health and food security of Niger nomads in many areas. In a region with a literacy rate under 10%
more and more children are enrolling in school. With Bess’s astute, hands-on guidance as Executive Director, RAIN has created libraries and market gardens, wells and updated irrigation
systems, women’s artisan cooperatives, scholarship and student mentoring programs, and has been tremendously effective in providing HIV/AIDS awareness and education. Parents, mostly women,
serve as mentors, encouraging children to stay in school, teaching after-school classes in traditional
skills, talking to them of opportunities for their futures – opportunities these illiterate mentors never
had but desperately want for their children. Recently the mentors were offered RAIN-designed
and sponsored bilingual literacy classes, learning to read and write in French as well as in their
The mysterious pull that the desert of Niger exerted on Bess Palmisciano has resulted in deep
friendships, long-term sustainable change, and a permanent relationship with the dunes of the
Sahara and its wanderers.
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We know that if we can educate girls so that they can read and write and do basic maths they will halve the number of babies they have and the children they do have will be educated and healthy. Educating and empowering women is the best way to support wome. It is not easy to find strong organisations that do this and RAIN is one of the best working in very very difficult and remote commun ities
I wanted to donate and volunteer for women in Nigere and this work really really makes a differece
RAIN operates in a region of Niger where you find the poorest of the poor. Already Niger is ranked as the poorest country in the world according to the UN's Human Development Index and if you are working in the poorest of the poor area, you are reaching some of the neediest people.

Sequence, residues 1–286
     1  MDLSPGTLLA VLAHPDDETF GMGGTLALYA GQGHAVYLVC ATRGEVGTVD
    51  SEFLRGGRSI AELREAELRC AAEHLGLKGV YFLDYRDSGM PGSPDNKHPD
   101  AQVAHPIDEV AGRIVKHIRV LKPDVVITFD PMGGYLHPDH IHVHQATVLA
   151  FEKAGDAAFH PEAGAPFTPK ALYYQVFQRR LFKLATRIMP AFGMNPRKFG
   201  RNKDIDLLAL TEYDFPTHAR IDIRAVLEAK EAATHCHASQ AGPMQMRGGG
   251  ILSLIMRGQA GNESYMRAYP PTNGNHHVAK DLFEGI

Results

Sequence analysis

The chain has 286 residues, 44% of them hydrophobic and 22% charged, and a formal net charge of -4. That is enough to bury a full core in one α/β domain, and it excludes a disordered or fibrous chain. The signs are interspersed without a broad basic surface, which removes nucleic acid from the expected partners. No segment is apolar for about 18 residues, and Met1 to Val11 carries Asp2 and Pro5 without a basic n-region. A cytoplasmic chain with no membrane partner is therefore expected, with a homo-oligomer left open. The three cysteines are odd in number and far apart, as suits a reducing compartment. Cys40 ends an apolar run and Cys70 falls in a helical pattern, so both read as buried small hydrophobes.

RAIN celebrates its 10th Anniversary this year. We can look back on a decade of success that epitomises RAIN's mission, that is to support the nomadic and rural peoples of West Africa, with a current focus on Niger, one of the world's poorest countries.
RAIN has worked with communities throughout Niger to create working partnerships to dig wells and plant market gardens, so as to make schools viable and so facilitating the education of young women. Our model is self-sustaining, relying on inputs from each community, and creating means by which young women learn skills that translate into jobs and small businesses, that in turn provide income, sometimes up to half of which is ploughed back into the community and into the appropriate RAIN programme.
RAIN's strength is that funds can be delivered directly to its programmes; RAIN's greatest challenge to to satisfy the demand for the introduction of its model
My husband and I are very active in the international philanthropic community. I think RAIN is unique in many ways- primarily in the way that so much of the organization's budget is devoted to the programs themselves. Another unique aspect is how vested the entire community is in every program: from planning to execution. This seems to guarantee sustainability and success. Niger is the poorest country in the world, but we get positive stories of changes every week. I feel I'm really able to make a difference working with RAIN.